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Diabetes Metab Res Rev. 2002 Sep-Oct;18 Suppl 3:S9-13.

Diabetes trends in Japan.

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Department of Medicine, Metabolism and Endocrinology, Juntendo University School of Medicine, Hongo, Tokyo, Japan.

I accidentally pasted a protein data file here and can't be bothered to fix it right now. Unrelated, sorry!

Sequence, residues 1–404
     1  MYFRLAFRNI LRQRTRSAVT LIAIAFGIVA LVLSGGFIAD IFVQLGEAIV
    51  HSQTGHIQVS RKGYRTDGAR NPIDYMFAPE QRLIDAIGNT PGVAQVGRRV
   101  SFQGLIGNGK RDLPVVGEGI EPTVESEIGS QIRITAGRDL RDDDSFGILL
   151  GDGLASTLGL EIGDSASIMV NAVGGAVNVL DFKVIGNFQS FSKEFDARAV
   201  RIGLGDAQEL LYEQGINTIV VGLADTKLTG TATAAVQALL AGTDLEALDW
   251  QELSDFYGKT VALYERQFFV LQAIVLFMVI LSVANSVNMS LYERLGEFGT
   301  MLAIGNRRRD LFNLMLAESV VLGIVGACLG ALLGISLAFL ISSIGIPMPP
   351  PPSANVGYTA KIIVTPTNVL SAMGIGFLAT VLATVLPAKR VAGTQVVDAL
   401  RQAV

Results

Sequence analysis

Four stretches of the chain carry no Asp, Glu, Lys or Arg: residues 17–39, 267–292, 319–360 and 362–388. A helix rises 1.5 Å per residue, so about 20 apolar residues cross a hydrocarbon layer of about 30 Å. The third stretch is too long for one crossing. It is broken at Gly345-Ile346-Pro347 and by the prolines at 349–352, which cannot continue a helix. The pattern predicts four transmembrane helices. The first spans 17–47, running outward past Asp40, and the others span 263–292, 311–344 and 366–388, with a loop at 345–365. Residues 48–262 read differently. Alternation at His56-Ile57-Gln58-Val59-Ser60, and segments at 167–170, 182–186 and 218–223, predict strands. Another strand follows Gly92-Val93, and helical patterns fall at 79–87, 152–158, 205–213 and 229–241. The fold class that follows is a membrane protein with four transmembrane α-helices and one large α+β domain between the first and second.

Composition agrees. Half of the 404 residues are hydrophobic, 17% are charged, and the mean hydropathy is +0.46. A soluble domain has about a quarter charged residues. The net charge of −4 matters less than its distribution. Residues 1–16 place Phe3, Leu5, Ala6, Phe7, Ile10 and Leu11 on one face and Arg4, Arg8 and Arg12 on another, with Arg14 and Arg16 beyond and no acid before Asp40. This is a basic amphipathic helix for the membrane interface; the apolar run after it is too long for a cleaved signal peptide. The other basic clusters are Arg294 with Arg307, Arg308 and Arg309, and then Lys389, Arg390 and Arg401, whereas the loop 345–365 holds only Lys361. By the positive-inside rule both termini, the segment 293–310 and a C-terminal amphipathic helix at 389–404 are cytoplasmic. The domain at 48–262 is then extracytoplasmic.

The prevalence of diabetes is increasing in Japan, and it is estimated that more than 12 million Japanese people are hyperglycemic. This high prevalence is most likely the result of a complex interplay between genetic and environmental factors specific to Japan. The lifestyle and diet of the Japanese population have changed significantly since the end of World War II. In general, the Japanese have become more sedentary and they consume more fat than in the past. Among Japanese men, these changes have been associated with a steadily increasing body mass index (BMI), a well-known risk factor for the development of insulin resistance, impaired glucose tolerance, and diabetes. Genetic characteristics common to many Japanese may also contribute to their higher prevalence of diabetes. The Japanese have a higher prevalence of polymorphisms for at least three genes that code for proteins thought to play key roles in lipid and glucose metabolism: the beta 3-adrenergic receptor, the peroxisome proliferator-activated receptor gamma, and calpain-10. The interaction between changes in lifestyle and the 'thrifty' genotype characteristic of many Japanese people may play a significant role in the increasing prevalence of diabetes and associated cardiovascular risk in this population.

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